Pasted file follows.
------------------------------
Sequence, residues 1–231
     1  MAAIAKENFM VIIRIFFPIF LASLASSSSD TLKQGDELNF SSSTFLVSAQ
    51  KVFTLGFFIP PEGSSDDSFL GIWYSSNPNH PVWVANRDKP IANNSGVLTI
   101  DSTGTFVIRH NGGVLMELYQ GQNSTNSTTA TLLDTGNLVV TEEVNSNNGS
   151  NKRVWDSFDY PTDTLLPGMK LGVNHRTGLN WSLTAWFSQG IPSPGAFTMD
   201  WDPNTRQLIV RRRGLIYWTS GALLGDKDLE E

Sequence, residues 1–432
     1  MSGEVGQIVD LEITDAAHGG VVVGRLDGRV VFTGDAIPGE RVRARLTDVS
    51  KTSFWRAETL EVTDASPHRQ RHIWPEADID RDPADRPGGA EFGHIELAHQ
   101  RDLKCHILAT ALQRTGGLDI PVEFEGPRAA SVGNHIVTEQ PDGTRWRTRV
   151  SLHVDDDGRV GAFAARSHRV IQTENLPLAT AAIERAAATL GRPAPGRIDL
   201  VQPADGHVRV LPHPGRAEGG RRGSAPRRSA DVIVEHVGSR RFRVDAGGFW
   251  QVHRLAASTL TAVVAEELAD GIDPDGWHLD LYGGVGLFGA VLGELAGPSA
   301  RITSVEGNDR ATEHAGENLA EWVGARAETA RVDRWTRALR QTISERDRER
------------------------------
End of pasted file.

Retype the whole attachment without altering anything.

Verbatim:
Sequence, residues 1–231
     1  MAAIAKENFM VIIRIFFPIF LASLASSSSD TLKQGDELNF SSSTFLVSAQ
    51  KVFTLGFFIP PEGSSDDSFL GIWYSSNPNH PVWVANRDKP IANNSGVLTI
   101  DSTGTFVIRH NGGVLMELYQ GQNSTNSTTA TLLDTGNLVV TEEVNSNNGS
   151  NKRVWDSFDY PTDTLLPGMK LGVNHRTGLN WSLTAWFSQG IPSPGAFTMD
   201  WDPNTRQLIV RRRGLIYWTS GALLGDKDLE E

Sequence, residues 1–432
     1  MSGEVGQIVD LEITDAAHGG VVVGRLDGRV VFTGDAIPGE RVRARLTDVS
    51  KTSFWRAETL EVTDASPHRQ RHIWPEADID RDPADRPGGA EFGHIELAHQ
   101  RDLKCHILAT ALQRTGGLDI PVEFEGPRAA SVGNHIVTEQ PDGTRWRTRV
   151  SLHVDDDGRV GAFAARSHRV IQTENLPLAT AAIERAAATL GRPAPGRIDL
   201  VQPADGHVRV LPHPGRAEGG RRGSAPRRSA DVIVEHVGSR RFRVDAGGFW
   251  QVHRLAASTL TAVVAEELAD GIDPDGWHLD LYGGVGLFGA VLGELAGPSA
   301  RITSVEGNDR ATEHAGENLA EWVGARAETA RVDRWTRALR QTISERDRER